With the way this plot weaves through actual historical events, I was intrigued. Curiosity arose in me as the duo found themselves in opposition to many powerful warriors, all of whom also seemed afflicted by this curse. When not battling those guys, Denz and Esteban discovered there was no rest for the wicked, as their dreams turned into nightmares where they'd have to fight off Death or risk never waking again. I legitimately wanted to see how things were resolved, so I made this game a priority to play after settling in at home each night.

Unfortunately, the disc never seemed to stay in my 360 for long. When I think of the best games of this ilk, I recall intense battles against never-ending hordes of enemies, cool and devastating attacks and many other action-related things. With The Cursed Crusade, I remember constant cinema scenes and long load times. This game is up there with the Uncharteds and Metal Gear Solids as far as the "let's make an interactive movie" deal goes. Well, except for the lower budget and inferior gameplay, that is.

The game begins with cinema to introduce the major characters and then you control Denz for a brief fight to get used to the controls. And then you have more cinema. And then you briefly storm that early-game castle, followed by more cinema. And then take part in a tournament, which is essentially an expanded tutorial. More cinema, followed by fleeing a vindictive opponent's forces. More cinema. A nightmare featuring our heroes battling Death. More cinema interspersed throughout a series of short levels depicting the siege of Zara. Another nightmare. Still more cinema. And more. And more. Time to lay siege to another city between prolonged bursts of cinema!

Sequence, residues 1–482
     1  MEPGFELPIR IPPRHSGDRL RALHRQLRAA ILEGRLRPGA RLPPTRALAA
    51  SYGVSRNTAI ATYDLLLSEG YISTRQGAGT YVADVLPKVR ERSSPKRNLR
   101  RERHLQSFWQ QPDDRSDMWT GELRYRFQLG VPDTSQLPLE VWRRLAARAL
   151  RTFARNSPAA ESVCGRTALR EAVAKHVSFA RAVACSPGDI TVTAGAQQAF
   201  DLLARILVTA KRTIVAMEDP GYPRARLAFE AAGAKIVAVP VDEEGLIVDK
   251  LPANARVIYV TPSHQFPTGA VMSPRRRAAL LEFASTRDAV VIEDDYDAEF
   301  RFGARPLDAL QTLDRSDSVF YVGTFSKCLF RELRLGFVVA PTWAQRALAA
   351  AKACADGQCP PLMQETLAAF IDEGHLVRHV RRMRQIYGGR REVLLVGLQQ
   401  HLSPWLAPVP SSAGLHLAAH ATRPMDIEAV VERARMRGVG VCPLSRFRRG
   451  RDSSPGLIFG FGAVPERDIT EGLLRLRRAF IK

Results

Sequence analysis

A game has to deliver the goods for me to tolerate this many movie scenes. The Cursed Crusade doesn't. You deliver one kind of attack with one button and another with another. A third button allows you to break the guard of foes and another aids in parrying attacks. Oh, and Denz moves as elegantly as a senior citizen crippled by arthritis. That's the worst flaw. The controls simply are not fluid. You'll be punching buttons to watch him slowly react, while hoping the game doesn't mysteriously turn him away from the enemy you're trying to skewer (while hoping for some sort of hilarious kill animation where blood's flowing like water even though the sword didn't actually go through the guy's head like it was supposed to) into conflict with another that just happens to be in the area.

The play control really mucks up some good potential. You have a number of different weapons and can unlock tons of combo attacks for each one by spending points earned for beating levels. You can customize Denz to become stronger or more durable. Weapons gradually weaken and break, forcing you to constantly pick up replacements from the corpses of the fallen. Both you and enemies wear armor that deflects attack. As hits are taken, the armor gradually breaks, allowing those blows to reach skin and bone. There is a sort of satisfaction that comes from watching a helmet or something go flying off an enemy and then realizing your strikes are drawing blood instead of just making a clanging sound.